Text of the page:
A pair of bronze reliefs also commemorate Charles Lamb and John Keats. These were created by sculptor George Frampton in 1898, and were originally displayed in the lobby of the Passmore Edwards Public Library Building on Fore Street.

The library building is now a mosque, however, and the bronze reliefs can instead be found at Community House, 311 Fore Street, Edmonton, London N9 0PZ.

Please note that this community centre is used by a wide range of people, some of them vulnerable, and anyone visiting should treat the staff and other visitors with respect. Also note that you will be required to sign in at the security desk.

Once in, follow the signs to the cafe (which serves darned good cake). Just before you get there you’ll find a junction of hallways, lifts and stairs. The bronze reliefs are on the wall under the staircase to the right.

link | “Photochroms of Rome” by Alex Q. Arbuckle and Wolfgang Wild

I found these truly lovely images on Mashable. They are ‘colour’ photos of Rome dating from c. 1890, sourced from the Library of Congress. These were taken seventy years after Keats was in Rome, but it still feels like a glimpse into the world that he would have recognised. Joseph Severn would have known this Rome, as he died only ten or eleven years before.

I’ve copied the two most relevant images here (with great respect, but without permission) and you can see the rest via the link below.

The Pyramid of Cestius at St. Paul’s Gate. Image: Library of Congress

Photochroms of Rome

St Stephen Coleman Street, London

The church of St Stephen Coleman Street is where John Keats’ parents and maternal grandparents, and his younger brother Tom, were buried. There is now nothing left but a blue plaque.

The Keats Connection

It makes for sad reading! Keats lost all his most significant figures from the previous generations in the space of just over ten years, beginning with his father when John Keats was only nine years old. However, St Stephen’s was also associated with a few more positive occasions.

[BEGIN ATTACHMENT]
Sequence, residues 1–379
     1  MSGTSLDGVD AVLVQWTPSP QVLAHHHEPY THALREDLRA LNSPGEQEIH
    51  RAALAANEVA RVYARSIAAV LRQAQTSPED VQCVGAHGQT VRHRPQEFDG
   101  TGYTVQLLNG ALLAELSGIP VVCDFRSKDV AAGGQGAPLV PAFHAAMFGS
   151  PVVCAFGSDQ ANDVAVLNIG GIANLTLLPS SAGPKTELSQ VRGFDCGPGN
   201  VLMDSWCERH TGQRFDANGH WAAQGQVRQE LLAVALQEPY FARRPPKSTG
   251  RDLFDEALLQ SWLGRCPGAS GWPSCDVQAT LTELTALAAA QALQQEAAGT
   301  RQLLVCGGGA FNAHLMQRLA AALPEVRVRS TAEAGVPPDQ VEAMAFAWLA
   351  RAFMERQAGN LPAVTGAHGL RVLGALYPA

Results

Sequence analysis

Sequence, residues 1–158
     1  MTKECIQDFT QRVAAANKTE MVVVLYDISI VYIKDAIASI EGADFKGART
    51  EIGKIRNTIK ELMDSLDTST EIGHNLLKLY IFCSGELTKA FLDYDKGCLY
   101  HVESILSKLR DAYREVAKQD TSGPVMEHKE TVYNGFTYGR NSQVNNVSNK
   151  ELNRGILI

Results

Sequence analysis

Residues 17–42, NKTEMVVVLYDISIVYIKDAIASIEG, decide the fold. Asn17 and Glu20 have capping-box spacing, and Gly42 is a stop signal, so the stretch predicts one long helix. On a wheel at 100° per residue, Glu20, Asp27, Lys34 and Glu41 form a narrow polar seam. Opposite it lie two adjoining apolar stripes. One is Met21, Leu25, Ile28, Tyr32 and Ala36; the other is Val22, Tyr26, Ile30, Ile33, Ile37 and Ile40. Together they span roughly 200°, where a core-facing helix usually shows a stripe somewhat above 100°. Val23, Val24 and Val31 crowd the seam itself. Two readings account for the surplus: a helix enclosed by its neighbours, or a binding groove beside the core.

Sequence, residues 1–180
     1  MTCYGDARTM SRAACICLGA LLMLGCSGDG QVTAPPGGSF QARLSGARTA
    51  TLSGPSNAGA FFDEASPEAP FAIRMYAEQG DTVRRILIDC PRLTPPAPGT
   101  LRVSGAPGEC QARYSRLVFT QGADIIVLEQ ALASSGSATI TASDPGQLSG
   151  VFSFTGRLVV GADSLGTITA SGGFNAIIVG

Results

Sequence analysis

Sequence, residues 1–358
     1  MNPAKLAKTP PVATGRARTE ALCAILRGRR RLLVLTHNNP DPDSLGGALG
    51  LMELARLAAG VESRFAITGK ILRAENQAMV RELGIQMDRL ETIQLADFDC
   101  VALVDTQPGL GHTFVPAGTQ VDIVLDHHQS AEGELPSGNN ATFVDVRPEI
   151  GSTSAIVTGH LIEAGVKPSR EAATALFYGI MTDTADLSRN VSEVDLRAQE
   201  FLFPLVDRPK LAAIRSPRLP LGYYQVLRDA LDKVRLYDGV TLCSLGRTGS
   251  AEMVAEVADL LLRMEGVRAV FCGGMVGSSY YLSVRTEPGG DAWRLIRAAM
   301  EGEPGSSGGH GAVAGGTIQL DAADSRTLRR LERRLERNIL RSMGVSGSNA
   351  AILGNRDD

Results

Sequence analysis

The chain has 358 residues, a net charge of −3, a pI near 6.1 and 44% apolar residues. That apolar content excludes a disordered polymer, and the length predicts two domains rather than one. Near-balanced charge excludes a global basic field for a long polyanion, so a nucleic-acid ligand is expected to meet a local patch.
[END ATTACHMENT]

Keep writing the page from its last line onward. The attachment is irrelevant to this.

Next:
• His grandfather John Jennings was baptised here on 13 October 1730.
  • His maternal grandparents John Jennings (age 43 years) and Alice Whalley (age 38 years) married here on 25 February 1774.
  • His father Thomas Keats died on  15 April 1804, and was buried at St Stephen’s on 23 April 1804.
  • His grandfather John Jennings died less than a year later on 8 March 1805, and was buried at St Stephen’s on 14 March 1805.
  • His mother Frances Jennings Keats Rawlings died five years later, and was buried here on 20 March 1810.
  • His grandmother Alice Whalley Jennings died four years later, and was buried here on 19 December 1814.
  • Finally, his brother Thomas Keats died, and was buried here four years later on 7 December 1818.

The burials were all in the Jennings family vault.

The church itself was destroyed in 1940. I know it sounds a little ghoulish, but I wanted to know what happened to the bodies … and I discovered they were relocated to Brookwood Cemetery in Woking, Surrey. Follow the link for a separate post about that!

Back Then

St Stephen’s was first mentioned in the 13th century.

It became a “Puritan stronghold” for a while in the 17th century. The playwright and contemporary of Shakespeare, Anthony Munday, was buried there in 1633.

The medieval church was destroyed in the Great Fire in 1666. It was re-built by Christopher Wren, with the exterior completed by 1677. Further work on a gallery and burial vault was done in the 1690s. This is the church that the Keats family would have known.

The church was destroyed by incendiary bombing on 29 December 1940, and it was not re-built.

The parish was combined with that of nearby St Margaret Lothbury – which for various reasons accumulated a number of City parishes, and is now officially known as “St Margaret Lothbury and St Stephen Coleman St with St Christopher-le-Stocks, St Bartholomew-by-the-Exchange, St Olave Old Jewry, St Martin Pomeroy, St Mildred Poultry and St Mary Colechurch”.


Modern office buildings now stand on the site, with retail shops and cafes at ground level. A London Corporation plaque commemorates the church. It reads:

Site of the Parish church of St Stephen Coleman street 1452-1940

You can find it nearly opposite the junction of Coleman Street with King’s Arms Yard, outside Black Sheep Coffee.


  • Address: 35 Coleman Street, London EC2R 5EH
  • Tube: Moorgate, on the Northern line, and the Circle, Hammersmith & City, and Metropolitan lines
  • Bank, on the Central, DLR, Northern, and Waterloo & City lines
  • Opening hours: The blue plaque can be seen at any time, though the area is probably ghostly quiet on weekends


See also

Bunhill Fields Burial Ground, Islington, London

The Bunhill Fields Burial Ground has two sad connections with Keats. His youngest brother Edward was buried there, having died while still a baby. A little more than a year later, his father Thomas was fatally injured in a riding accident near the cemetery gates.